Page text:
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Stephen A. Marglin

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Stephen A. Marglin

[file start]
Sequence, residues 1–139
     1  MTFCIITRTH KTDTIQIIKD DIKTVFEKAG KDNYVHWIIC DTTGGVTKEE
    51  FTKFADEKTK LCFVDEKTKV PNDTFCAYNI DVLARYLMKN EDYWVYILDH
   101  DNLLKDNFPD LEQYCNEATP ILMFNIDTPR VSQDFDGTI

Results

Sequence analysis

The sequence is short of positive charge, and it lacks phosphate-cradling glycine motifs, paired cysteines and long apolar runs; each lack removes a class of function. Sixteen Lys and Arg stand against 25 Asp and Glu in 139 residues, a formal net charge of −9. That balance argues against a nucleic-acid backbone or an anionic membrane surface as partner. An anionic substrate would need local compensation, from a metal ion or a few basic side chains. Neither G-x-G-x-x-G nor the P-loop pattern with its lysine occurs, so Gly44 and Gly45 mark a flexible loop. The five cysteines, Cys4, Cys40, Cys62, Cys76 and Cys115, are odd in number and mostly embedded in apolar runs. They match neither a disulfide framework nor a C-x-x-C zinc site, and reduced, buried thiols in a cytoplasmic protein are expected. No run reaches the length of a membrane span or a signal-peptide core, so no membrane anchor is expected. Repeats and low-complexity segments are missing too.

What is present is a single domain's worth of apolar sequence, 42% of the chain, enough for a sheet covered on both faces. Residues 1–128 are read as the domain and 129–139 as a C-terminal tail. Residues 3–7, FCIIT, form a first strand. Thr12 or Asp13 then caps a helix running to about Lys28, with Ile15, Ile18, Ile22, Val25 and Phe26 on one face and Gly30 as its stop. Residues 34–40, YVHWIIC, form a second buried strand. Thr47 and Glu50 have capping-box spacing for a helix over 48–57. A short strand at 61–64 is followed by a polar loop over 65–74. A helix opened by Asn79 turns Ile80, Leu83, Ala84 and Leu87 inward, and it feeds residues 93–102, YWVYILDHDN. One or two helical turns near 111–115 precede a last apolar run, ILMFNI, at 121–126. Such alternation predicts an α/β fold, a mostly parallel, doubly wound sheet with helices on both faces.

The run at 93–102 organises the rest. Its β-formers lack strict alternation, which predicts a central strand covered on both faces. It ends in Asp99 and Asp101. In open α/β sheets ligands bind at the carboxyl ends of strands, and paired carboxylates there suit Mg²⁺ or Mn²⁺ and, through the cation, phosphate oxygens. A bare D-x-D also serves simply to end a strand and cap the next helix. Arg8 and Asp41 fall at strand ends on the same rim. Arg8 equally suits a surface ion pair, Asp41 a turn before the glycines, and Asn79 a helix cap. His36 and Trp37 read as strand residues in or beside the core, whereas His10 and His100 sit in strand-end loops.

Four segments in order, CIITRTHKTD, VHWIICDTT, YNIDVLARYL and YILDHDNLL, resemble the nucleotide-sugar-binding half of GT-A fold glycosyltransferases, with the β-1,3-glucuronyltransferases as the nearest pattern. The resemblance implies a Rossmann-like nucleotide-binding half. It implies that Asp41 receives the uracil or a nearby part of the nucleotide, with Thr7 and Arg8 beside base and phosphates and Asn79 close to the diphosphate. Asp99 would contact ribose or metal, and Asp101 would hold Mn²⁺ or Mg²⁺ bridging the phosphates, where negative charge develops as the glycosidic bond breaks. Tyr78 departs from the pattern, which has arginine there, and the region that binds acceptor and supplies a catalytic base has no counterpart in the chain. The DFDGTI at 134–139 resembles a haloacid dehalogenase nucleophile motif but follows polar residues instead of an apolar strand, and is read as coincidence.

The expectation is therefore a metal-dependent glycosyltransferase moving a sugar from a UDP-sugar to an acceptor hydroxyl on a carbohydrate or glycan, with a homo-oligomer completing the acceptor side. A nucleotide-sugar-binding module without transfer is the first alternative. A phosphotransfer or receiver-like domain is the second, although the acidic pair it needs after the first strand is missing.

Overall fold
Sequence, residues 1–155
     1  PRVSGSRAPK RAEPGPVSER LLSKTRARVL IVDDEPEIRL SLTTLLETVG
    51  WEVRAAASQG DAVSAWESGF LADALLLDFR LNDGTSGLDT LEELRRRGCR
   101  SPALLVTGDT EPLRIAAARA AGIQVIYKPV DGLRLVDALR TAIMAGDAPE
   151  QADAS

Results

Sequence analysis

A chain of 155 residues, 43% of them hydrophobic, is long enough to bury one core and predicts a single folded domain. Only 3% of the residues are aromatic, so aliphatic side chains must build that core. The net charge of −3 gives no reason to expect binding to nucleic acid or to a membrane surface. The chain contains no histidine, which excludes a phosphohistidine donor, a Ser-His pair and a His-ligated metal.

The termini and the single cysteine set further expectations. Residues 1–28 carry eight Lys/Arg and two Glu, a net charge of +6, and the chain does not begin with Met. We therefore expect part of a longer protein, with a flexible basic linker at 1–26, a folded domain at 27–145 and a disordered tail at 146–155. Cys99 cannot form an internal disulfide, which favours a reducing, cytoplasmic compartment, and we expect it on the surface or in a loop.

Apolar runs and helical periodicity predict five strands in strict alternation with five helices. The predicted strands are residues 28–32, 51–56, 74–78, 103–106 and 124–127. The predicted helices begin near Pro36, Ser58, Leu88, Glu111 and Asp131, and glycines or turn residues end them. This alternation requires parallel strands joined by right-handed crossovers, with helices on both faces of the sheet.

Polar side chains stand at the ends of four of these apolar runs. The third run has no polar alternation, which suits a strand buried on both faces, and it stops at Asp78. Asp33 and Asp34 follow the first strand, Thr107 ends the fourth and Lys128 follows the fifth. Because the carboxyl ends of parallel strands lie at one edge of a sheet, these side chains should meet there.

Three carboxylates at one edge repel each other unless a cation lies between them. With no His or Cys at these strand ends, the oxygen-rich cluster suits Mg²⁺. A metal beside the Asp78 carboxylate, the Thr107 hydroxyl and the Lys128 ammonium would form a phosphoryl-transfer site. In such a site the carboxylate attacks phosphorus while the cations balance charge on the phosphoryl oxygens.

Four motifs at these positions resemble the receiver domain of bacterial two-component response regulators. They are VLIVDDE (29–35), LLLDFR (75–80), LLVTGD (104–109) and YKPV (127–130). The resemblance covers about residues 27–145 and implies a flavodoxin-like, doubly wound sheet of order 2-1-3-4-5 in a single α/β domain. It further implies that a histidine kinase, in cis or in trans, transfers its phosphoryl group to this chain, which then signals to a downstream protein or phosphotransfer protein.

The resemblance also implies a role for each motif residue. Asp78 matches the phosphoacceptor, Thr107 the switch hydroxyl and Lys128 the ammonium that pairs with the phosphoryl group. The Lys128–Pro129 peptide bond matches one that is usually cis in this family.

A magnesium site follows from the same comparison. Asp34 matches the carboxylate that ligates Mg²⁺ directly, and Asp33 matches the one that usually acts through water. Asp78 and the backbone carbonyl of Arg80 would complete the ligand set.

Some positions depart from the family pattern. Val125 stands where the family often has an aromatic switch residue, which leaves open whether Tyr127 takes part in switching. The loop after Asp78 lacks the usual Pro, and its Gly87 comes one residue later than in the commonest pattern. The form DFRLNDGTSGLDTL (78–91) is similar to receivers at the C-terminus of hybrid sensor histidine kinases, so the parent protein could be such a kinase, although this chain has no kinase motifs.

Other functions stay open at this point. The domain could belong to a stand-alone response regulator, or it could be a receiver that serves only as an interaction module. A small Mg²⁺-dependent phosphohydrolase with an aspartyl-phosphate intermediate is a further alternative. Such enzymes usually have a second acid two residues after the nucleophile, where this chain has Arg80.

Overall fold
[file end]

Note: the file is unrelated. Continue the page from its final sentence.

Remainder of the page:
The central question this paper addresses is the same one I explored in my joint work with Amit Bhaduri 25 years ago: under what circumstances are high wages good for employment? I extend our 1990 argument in three directions. First, instead of mark-up pricing, I model labor and product markets separately. The labor supply to the capitalist sector of the economy is assumed à la Lewis to be unlimited. Consequently the wage cannot be determined endogenously but is fixed by an extended notion of subsistence based on Smith, Ricardo, and Marx. For tractability the product market is assumed to be perfectly competitive. The second innovation is to show how disequilibrium adjustment resolves the overdetermination inherent in the model. There are three equations – aggregate demand, goods supply, and labor supply – but two unknowns – the labor–capital ratio and the real price (the inverse of the real wage). Consequently equilibrium does not even exist until we define the adjustment process. The third innovation is to distinguish capital deepening from capital widening. This is important because, ceteris paribus, wage-led growth is more likely to stimulate the economy the greater the fraction of investment devoted to capital deepening. A final section of the paper shows that US data on employment and inflation since the 1950s are consistent with the theory developed in this paper.